Give and Take – Book of the Month January 2023 – Our Tip Three Takeaways

On the first ever album that I bought, the opening track is titled with a famous phrase…

“Nice guys finish last”.

(A prize to the person that adds the name of that album in the comments – no Googling) 🙂

Just like extroverts supposedly get all of the advantages in their careers over introverts, popular media leads us to believe that the way to get ahead is by being a selfish arse, rather than being someone who genuinely cares about others. 

And there’s an ounce of truth in this. I’m sure all of us have encountered such people:

  • Those that only ever seem to think about themselves
  • Those who are happy to receive favours, but never return them
  • Those that thrive on status, money and ego, and who do anything to get what they want

And the frustrating thing is, they often manage to do so.

Yet, in Give and Take, Wharton Business School professor Adam Grant attempts to argue that there is a different way. 

He suggests that being a ‘Giver’ (i.e. the complete opposite of a ‘Taker’ – i.e. the person I’ve described above) actually has better career benefits in the long-term, let alone make the world a nicer place for everyone!

If this sounds intriguing, read on to find out our top three takeaways from Give and Take:

1. Takers aren’t as successful as you may think

2. Being a completely altruistic giver can lead to burnout

3. Givers succeed long-term due to thinking ‘bigger picture’

1. Takers aren’t as successful as you may think

The early stages of the book describe the differences between Givers, Takers, as well as ‘Matchers’. In summary…


Those who are typically self-centered, focusing only on their own success and the benefits they can personally gain from any situation. They favour things like wealth, power, and winning, and will often describe situations with ‘I’ rather than ‘we’.


Those who are inherently generous, providing their help or guidance whilst expecting absolutely nothing in return. They favour things like helpfulness, responsibility and compassion, and will actively seek to elevate others over themselves. 


These sit somewhere in between Givers and Takers, generally taking a “I’ll do something for you if you do something for me” approach. Their mentality is all about fairness and balance. Unsurprisingly, the majority of the population fall into this category. 

Interestingly, studies show that Givers sit at both the bottom and the top of the career success ladder. In other words, some of the very best, and some of the very worst performers are Givers, whilst the Takers and Matchers tend to sit someone in the middle.

Sounds confusing right?

As the book goes on, Grant explores how the ‘style’ of giving can have an impact here. Whilst some Givers fall into ‘doormat’ territory (i.e. where every single action they take is to assist someone else), the most successful Givers still manage to balance their giving approach with taking time for their own needs. 

And this leads us nicely onto the next point…

2. Being a completely altruistic giver can lead to burnout

Whilst falling into ‘doormat’ territory can end up having a negative effect on your own career (although it will make you a very lovely person), Grant argues that there is another way.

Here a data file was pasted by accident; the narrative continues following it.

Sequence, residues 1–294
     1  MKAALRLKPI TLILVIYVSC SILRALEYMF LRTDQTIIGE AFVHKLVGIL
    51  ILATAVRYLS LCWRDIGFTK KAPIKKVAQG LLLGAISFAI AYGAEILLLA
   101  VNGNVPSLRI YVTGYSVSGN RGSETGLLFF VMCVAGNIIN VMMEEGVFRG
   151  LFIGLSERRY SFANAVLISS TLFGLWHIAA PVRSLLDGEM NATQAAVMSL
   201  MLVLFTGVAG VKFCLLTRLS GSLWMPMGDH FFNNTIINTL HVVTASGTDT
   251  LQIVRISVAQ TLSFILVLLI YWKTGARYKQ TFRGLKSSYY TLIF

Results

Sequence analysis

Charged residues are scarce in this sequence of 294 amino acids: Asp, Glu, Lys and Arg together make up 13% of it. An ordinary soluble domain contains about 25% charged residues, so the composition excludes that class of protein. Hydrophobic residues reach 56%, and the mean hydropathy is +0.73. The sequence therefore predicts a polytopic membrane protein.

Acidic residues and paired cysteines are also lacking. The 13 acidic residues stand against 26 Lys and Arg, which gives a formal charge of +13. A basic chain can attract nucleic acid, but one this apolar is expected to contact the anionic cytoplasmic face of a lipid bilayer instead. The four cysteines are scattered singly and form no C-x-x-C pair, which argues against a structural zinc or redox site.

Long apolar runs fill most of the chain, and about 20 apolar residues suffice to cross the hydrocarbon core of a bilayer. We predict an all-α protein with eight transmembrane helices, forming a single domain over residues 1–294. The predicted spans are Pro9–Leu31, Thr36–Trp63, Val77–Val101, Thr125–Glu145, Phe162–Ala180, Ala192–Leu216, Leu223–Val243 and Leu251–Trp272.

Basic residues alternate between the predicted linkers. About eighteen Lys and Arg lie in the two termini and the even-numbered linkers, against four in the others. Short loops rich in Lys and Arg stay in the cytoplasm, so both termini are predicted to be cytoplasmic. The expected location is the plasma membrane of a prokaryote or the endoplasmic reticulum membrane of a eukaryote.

Remember – there’s a reason that an airline will ask you to put on your own oxygen mask before helping others!

Many leaders like to spout nonsense about being ‘altruistic’ as it looks good for their LinkedIN and internal PR. But being 100% altruistic all of the time means you put yourself last 100% of the time.

The reality is that you NEED to give yourself attention at least some of the time, or there’s a very real risk of burning out.

In the latter part of the book, Grant goes on to describe ‘Otherish’ Givers; essentially people who have realised that they can still advance their career without being completely altruistic. Whilst their default is to support others, they also make time to help themselves, and focus on their own ambitions and interests. 

3. Givers succeed long-term due to thinking ‘big picture’

With the book focusing on the benefits of being a Giver, it’s unsurprising that there are many great examples of giving throughout the book. 

One example explores how Abraham Lincoln, before becoming president, dropped out of a senate election race to let a rival win, aware that both he and his competitor shared the goal of abolishing slavery.

Ultimately, Lincoln knew that his bigger ambition was far more likely to be achieved if supporters of both candidates came together to vote for one person. 

Despite putting his own political ambitions last in that specific situation, it eventually paid off, when his rival later advocated for Lincoln when he ran for senate again. Of course, as we all know, Abraham Lincoln eventually became president, and made good on his goal to abolish slavery, amongst many of the most historic and significant changes in the country’s history. 

Givers also benefit from maintaining connections with a larger network that are willing to help over time. By unselfishly giving, such as offering advice or putting two contacts in touch with each other, it becomes far easier to reach out to those connections should the need to ask for help arise in the future. Even weak ties welcome reconnecting with Givers, and are far more likely to do so than with their Matcher or Taker counterparts. 

Have you read Give and Take? I’d love to know what you thought of the book, or whether you have any other takeaways in the comments below!

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